A few years ago I read “The Last Stand of the Tin Can Sailors” by James Hornfischer. That book is about the battle off of Samar, part of the larger battle of Leyte Gulf. Leyte Gulf was one of the largest naval battles in history.
The courage of those men on the “Tin Cans” blows me away. These little destroyers charged headlong into the teeth of much larger Japanese warships. Many paid the ultimate price. But I don’t want to give too much away. “Tin Can Sailors” is one of my favorite all time books.
Once I get a good book by a good author, I tend to stick with that author. Hornfischer’s “Ship of Ghosts” has been sitting on my “to read” shelf for a long time, and with a business trip I took last week I decided to take it with me to kill time on the plane. Another outstanding read.
Ship of Ghosts doesn’t have a very happy beginning, middle or end. It is the story of the USS Houston and it’s survivors. The Houston (CA-30) went down in the battle of Sunda Strait. Only 368 of her crew of over 1,000 survived. She went down blazing, which is consolation to me, but not to the families of those lost.
As if that isn’t bad enough, many of the survivors were machine gunned by the enemy as they floated in the water. With great survival instincts and ingenuity, many made it to shore, along with many survivors of the HMAS Perth, which was sunk in the same battle at Sunda Strait. Unfortunately for those who did make it ashore, the Japanese had pretty much conquered Java and the surrounding areas. The men were captured, and sent to prison camps.
I think “camp” might be a gracious way of putting it. Conditions were horrific most of the time, and a large count of the survivors of the naval battles ended up working on making the Burma Railway, or Railway of Death. The final two-thirds of the book are about how those men toiled, got sick, and somehow made their way through three years of misery to survive and tell their tales. Not to mention the daily mistreatment (to put it lightly) by the Japanese. The death rate was astonishing – I can hardly believe that any of them made it through all of that.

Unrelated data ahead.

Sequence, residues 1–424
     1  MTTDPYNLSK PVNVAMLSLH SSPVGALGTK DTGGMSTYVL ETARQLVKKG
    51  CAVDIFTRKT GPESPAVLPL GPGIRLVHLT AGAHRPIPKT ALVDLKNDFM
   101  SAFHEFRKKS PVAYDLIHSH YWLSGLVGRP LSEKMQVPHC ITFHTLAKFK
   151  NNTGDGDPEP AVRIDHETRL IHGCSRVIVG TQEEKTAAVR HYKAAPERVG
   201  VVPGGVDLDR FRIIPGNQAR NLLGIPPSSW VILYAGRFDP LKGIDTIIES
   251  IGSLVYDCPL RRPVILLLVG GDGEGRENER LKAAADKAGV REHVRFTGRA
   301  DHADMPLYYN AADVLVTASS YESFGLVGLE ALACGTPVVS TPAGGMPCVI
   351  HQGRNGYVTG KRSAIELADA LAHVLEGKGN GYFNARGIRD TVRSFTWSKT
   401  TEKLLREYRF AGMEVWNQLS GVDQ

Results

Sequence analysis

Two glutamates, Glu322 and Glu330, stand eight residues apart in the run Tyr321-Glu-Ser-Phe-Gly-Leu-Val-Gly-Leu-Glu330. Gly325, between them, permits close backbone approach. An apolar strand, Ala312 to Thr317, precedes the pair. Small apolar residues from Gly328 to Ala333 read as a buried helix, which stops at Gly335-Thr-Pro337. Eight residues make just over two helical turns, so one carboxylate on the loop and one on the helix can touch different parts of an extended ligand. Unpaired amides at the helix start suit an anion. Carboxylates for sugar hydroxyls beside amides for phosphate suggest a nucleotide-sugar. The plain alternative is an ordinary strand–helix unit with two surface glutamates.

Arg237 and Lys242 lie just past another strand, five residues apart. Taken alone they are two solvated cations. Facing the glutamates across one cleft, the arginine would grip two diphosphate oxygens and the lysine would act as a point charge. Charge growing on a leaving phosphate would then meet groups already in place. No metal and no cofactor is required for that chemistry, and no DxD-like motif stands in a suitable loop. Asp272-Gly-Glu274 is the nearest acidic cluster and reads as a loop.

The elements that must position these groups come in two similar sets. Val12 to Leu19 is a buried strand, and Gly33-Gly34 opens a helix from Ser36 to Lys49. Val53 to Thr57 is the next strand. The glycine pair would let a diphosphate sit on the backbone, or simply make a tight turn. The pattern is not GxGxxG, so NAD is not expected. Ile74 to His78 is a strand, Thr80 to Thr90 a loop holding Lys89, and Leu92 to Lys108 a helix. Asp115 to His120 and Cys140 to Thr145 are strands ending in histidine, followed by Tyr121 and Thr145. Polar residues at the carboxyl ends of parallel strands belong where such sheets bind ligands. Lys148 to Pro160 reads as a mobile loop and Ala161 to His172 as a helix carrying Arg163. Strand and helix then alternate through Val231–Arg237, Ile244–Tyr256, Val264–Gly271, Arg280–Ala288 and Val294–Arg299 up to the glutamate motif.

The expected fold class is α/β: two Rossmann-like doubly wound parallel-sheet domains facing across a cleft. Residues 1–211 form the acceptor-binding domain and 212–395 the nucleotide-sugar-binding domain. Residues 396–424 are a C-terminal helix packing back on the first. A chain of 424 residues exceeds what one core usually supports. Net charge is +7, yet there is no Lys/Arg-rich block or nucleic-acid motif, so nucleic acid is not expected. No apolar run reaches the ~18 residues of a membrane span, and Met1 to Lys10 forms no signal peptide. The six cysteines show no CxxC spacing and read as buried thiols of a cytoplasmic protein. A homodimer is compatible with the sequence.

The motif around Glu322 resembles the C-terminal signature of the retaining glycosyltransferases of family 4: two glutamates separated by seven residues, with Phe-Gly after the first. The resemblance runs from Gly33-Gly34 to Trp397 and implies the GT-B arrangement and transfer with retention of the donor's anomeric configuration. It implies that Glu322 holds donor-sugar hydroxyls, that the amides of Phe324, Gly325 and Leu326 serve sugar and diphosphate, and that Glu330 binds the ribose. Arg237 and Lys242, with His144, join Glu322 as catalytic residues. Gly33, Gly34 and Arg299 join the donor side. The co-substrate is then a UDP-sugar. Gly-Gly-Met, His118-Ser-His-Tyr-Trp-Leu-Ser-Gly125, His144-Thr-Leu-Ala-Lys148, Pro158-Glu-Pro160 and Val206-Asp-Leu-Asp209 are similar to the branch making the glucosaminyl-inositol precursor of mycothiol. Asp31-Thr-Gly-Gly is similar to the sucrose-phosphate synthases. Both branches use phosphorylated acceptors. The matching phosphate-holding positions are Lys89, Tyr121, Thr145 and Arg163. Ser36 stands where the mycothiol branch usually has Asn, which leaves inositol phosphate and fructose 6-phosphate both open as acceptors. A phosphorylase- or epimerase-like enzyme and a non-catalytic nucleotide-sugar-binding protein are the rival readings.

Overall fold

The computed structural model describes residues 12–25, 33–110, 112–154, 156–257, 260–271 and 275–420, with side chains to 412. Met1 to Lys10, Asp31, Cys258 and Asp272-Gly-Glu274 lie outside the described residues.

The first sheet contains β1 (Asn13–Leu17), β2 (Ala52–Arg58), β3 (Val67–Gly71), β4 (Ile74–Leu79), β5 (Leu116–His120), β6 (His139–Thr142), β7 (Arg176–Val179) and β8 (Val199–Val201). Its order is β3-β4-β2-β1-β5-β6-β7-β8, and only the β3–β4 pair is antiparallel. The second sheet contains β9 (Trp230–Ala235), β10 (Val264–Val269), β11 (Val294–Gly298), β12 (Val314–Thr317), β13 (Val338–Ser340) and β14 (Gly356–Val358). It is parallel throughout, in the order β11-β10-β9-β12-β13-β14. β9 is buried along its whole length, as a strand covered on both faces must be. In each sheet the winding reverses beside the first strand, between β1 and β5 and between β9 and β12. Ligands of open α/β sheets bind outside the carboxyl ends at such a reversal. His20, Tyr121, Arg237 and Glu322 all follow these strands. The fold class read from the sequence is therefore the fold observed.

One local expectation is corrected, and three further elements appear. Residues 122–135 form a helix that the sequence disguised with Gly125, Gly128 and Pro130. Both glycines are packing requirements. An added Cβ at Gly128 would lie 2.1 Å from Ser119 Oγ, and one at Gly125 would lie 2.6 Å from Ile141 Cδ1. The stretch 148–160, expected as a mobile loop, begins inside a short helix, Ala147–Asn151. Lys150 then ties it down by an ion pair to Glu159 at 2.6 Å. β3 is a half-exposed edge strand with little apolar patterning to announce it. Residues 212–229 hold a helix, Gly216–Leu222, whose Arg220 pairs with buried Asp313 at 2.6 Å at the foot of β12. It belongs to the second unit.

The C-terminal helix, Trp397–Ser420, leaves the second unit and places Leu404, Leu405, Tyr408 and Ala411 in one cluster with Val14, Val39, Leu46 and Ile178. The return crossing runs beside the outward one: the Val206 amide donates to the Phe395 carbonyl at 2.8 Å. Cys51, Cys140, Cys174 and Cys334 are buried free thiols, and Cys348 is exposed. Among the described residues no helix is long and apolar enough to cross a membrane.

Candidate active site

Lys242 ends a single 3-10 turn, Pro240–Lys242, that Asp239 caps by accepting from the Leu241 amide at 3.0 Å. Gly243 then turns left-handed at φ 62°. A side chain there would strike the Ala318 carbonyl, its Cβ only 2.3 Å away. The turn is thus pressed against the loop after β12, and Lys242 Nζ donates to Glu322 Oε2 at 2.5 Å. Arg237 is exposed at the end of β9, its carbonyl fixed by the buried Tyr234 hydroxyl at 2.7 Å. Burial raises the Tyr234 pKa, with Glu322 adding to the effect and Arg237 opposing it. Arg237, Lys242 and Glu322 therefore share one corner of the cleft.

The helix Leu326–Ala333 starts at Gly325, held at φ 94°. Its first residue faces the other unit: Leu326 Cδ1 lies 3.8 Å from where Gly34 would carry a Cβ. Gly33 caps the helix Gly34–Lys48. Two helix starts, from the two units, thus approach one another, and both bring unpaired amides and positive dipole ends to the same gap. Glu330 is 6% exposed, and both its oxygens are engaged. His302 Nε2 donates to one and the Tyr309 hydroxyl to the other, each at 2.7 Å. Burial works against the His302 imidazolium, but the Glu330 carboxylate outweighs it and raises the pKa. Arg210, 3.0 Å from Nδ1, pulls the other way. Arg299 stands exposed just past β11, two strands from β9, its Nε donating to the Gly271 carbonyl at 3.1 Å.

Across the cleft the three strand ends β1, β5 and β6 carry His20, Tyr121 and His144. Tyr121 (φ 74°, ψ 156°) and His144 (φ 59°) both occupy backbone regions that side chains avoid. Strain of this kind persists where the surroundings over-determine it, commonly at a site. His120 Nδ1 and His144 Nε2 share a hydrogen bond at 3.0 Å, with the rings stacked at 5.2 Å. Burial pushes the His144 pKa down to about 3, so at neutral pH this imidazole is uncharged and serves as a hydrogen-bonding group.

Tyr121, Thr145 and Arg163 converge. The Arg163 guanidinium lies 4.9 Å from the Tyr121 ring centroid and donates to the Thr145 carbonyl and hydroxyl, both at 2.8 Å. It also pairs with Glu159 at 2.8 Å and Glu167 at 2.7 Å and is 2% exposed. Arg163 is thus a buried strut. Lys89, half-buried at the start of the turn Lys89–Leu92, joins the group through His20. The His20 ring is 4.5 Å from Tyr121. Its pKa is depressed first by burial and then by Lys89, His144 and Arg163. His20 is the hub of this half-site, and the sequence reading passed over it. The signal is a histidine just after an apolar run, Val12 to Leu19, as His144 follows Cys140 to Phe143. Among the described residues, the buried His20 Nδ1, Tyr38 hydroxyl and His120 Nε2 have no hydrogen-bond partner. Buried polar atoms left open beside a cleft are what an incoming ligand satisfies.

The book is extremely easy reading, and I very much enjoy Hornfischer’s style of mixing up short stories from survivors with official histories and action reports. I highly recommend “Ship of Ghosts” along with “Tin Can Sailors” if you enjoy WW2 Pacific theater history.
Cross posted at LITGM.
4 thoughts on “Book Review – Ship of Ghosts”
There is a great story of a USC track star before the war who went into the Air Corps and had to ditch his B24 in the Pacific. They were picked up by a Japanese ship and spent the war in POW camps in Japan. I’ve seen pictures of him as an athlete and right after he was freed. He was still alive a few years ago. Maybe the starvation, like in rats, contributed to long lives in ex-POWs.
Here’s his book.
Thanks for the recommendation, it is now on my list. I am just so amazed that these guys actually survived all of what they had to go through. It would be amazing even if only half of it were true.
If you have not taken the time to sit down and listen to your family veterans, do it now. Somebody you know has a remarkable story of courage.
Tin Can Sailors is excellent reading. So is a history of Army nurses in WWII, “And If I Perish”.
D from M, you would be interested in “Tin Cans” (1960) by Theodore Roscoe. He writes about the WW2 world wide mission of US DDs and DEs. What the DE USS England accomplished is impressive.
I recently found a copy on Abe books to replace a copy I had in the early 60s.
Comments are closed.